one another, go around in circles, move up and down, carry the threads along and interlock them with your fabric. You can see everything
working. No microchips. Not much has change since young Elias Howe wanted to help his mother with her sewing.... Anyway, I really get
a kick out of sewing machines that way.

Mine has treated me right since I bought it at Sears just out of college. I think it cost about $100. But now, just as an urge to do some sewing takes over, my machine ain't working right. I've tried it a few times and the problem persists: I keep breaking needles. It seems like the needle is making contact with the widget that holds the bobbin. The widget is perhaps misaligned or the needle isn't coming down straight. I've taken out the bobbin assembly, cleaned it, visually inspected it. I can't see anything, though the bobbin assembly does seem to sit a little loose, and I can hold it and make the problem recur.

Any sewing whiz kids out there who can help me get this fixed? It seems silly to take it somewhere to get fixed. I can't imagine anyone charging less than $30 for repairs, and a working machine is surely worth that, though I don't want to invest too much in it if it's reached some sort of old age... I know there are some centuries old sewing machines out there, stitching away, but is my plastic-cased bottom-of-the-line Kenmore really gonna make it?

As a friend of mine said, love to have one of those vintage machines that look like a 50's Cadillac -- if it were working well.

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06:25 AM
March 7, 2003
the silk road Got



the silk road



Got my sari silk yesterday. It's lovely. The person from whom I purchased it failed to mention that the vest she had knit with it
was in mitered squares -- a big pain to rip out. As I lay in bed in the wee hours not sleeping I was overcome with the urge to rip it
out and get knitting, so I've got it mostly ripped. This was a nearly finished vest. I sort of felt bad ripping out all of someone's
sweat and toil, but now the yarn will get some use.

It's sort of strange stuff. It has no elasticity and is very strong and heavy. It will drape like crazy. I knit up a swatch, using small needles so the fabric is quite dense. Since I've heard mixed reports on its washability I have washed my swatch. A tiny bit of color run, but it seems to have held it's size pretty well. We'll see what it looks like dry. Now to file my nails (it snags like crazy!) and start knitting and scheming. It will be an tank with sort of a dropped boat neck... so we can call it drape, not droop.

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12:20 PM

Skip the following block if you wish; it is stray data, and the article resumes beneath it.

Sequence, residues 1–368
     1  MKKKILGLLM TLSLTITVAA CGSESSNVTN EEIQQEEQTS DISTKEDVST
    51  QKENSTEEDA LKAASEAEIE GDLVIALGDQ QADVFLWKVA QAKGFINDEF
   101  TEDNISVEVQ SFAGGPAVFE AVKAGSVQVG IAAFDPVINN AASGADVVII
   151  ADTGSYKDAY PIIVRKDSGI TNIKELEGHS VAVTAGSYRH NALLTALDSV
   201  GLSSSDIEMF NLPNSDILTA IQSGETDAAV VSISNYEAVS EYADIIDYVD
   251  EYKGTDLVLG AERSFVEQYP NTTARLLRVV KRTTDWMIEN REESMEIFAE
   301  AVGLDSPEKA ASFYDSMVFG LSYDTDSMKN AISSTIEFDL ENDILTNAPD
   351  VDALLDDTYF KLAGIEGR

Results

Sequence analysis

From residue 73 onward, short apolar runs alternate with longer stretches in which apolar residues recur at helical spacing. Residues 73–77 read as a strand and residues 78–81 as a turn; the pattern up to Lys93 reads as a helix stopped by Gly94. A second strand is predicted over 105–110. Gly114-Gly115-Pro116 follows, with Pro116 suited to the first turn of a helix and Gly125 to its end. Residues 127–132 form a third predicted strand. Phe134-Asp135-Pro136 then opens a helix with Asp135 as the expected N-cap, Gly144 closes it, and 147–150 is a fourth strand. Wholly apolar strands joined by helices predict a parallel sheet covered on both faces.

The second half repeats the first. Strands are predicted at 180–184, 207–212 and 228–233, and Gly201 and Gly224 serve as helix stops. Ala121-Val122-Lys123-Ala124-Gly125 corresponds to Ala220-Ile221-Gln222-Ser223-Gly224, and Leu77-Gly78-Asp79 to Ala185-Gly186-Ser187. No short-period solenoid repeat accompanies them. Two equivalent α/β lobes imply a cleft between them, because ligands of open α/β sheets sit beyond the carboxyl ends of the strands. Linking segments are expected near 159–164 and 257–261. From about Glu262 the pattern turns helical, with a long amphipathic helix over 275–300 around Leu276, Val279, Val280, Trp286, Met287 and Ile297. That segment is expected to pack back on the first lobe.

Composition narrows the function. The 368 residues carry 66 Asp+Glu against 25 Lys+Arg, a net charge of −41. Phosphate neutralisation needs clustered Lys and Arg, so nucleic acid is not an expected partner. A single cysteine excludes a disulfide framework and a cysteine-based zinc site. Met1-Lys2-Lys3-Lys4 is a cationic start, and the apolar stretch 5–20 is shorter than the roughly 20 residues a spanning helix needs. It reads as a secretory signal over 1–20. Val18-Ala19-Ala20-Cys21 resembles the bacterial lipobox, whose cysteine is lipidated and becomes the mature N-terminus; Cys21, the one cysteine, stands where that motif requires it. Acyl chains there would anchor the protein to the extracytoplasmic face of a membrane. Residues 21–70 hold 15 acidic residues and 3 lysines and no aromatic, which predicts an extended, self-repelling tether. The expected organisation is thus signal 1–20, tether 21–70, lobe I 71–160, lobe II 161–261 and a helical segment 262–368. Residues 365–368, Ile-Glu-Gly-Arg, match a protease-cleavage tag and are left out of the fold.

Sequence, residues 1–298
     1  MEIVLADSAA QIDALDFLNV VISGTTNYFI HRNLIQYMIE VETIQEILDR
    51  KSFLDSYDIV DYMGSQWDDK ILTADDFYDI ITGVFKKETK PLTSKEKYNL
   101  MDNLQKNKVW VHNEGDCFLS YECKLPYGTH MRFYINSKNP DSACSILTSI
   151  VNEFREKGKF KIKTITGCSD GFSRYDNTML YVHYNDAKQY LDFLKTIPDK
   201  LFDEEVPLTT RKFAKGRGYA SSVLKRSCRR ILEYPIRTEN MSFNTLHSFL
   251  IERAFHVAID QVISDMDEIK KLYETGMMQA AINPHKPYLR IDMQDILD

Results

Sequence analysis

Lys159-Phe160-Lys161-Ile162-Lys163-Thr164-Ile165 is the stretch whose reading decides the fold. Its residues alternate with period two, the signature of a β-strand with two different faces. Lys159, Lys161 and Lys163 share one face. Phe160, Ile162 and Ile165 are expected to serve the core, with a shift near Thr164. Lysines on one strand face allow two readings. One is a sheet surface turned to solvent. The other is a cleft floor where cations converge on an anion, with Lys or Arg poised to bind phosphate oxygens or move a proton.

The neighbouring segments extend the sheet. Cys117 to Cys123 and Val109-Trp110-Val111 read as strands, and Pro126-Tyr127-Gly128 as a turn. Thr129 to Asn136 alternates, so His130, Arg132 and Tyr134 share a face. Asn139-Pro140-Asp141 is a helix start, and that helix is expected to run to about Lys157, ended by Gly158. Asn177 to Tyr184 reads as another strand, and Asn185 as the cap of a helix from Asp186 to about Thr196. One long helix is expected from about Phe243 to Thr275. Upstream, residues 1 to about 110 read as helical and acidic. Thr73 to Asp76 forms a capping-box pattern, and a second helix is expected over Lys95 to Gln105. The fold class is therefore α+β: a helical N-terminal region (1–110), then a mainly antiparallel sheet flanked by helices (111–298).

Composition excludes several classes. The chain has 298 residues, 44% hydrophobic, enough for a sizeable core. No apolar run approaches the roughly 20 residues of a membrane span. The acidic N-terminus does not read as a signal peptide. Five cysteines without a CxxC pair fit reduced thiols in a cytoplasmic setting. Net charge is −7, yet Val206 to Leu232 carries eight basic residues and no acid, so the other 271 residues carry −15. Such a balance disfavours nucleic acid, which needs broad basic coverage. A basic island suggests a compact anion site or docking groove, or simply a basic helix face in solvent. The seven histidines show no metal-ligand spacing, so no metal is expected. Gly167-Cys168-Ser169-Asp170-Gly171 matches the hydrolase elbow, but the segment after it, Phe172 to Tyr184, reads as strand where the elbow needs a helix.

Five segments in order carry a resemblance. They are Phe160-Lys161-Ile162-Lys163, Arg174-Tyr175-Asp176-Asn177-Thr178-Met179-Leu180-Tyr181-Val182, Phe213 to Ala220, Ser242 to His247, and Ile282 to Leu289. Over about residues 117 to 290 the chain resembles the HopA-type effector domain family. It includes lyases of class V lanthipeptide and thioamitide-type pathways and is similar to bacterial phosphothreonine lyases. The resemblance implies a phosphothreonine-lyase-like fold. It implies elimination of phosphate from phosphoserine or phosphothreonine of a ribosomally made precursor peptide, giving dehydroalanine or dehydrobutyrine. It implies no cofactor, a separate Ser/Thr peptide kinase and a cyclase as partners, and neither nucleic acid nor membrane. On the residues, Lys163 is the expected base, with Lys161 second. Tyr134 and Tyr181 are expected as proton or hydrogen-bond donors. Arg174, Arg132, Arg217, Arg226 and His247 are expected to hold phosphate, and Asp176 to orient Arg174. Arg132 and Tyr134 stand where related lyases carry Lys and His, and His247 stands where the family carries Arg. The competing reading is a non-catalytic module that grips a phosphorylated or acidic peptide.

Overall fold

March 6, 2003
what's up A few



what's up



A few items to update: The search for Leo's dream yarn continues... This morning we talked about Tahki's Chelsea Silk and Horstia's
Maulbeerseide Schurwolle. He likes the latter, though with a nearly $200 price tag for yarn alone, it's a pricy proposition and not a
sweater for everyday wear. Still, if I'm only going to knit him one sweater in years, it might as well be a good one.


Spent the morning painting a stageset/puppet theater for my daughter's school fundraiser. It sneaks out that you're the least bit creative and you are roped into such tasks. It's a vaguely Suessish interior, which is appropriate in that (a) Dr. Suess lived in my neighborhood, and (b) Dr. Suess's birthday is this week. Be sure to eat some green eggs and ham... or knit a thneed.


I've been having lots of design fantasies this week. Most recently, a new version of the Technicolor Dream Sweater, only mainly in silk. Noro's Silk Country, maybe some Brown Sheep Prairie Silk, and some of the Horstia... Ooh la la!


And speaking of silk, I am eagerly awaiting 11, yes, 11 skeins of the Nepalese Sari silk yarn! Someone started knitting it and then didn't want it, so I got it for $75 plus shipping. I think this is the first yarn I've bought this year, except for a few skeins of Cotton-Ease for the Knitty sweaters, and such a bargain! I couldn't pass it up. I've heard mixed reviews of actually knitting the stuff. Any advice welcomed. My dream of the Sari Silk Shell and Dupioni silk skirt may come to fruition after all. Now if I am ever invited to dine with heads of state, I'll have something to wear!

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01:09 PM
March 5, 2003
read Knitty In case



read Knitty



In case you've missed it. Read Knitty. See my "http://www.knitty.com/ISSUEspring03/PATTduo.html"> Dynamic Duo there.

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08:14 AM
March 1, 2003
yarn search, II Mmm.



yarn search, II



Mmm. I see that I need to clarify my search further -- Leo likes finely knit sweaters, not bulky hand-knit looking ones. However, I
can't see having the stick-to-it to finish something at microscopic gauge, particularly in a single color, without much fancy work. Five
to the inch is a compromise gauge... Further, we live in a climate that rarely falls out of the 55 - 75 degree range, so we don't need
polar insulation. A nice wool blend or a cotton blend will suit nicely. Not fuzzy with angora, but I'm not turning my nose up at a
little silk or something... a little synthetic's fine if it improves the shape of the cotton or aids in washability.

And when I say neutral, I mean somewhere in the beige to taupe range. Blues are out as he always wears jeans and doesn't like to be all blue.

The Wool Cotton is a contender, though it is pretty fine. I've also thought about Noro Cash Iroha, but it may be too luxe for everyday wear. I've also eyed Austermann Rubino -- there's a good price at elann.com...

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04:38 PM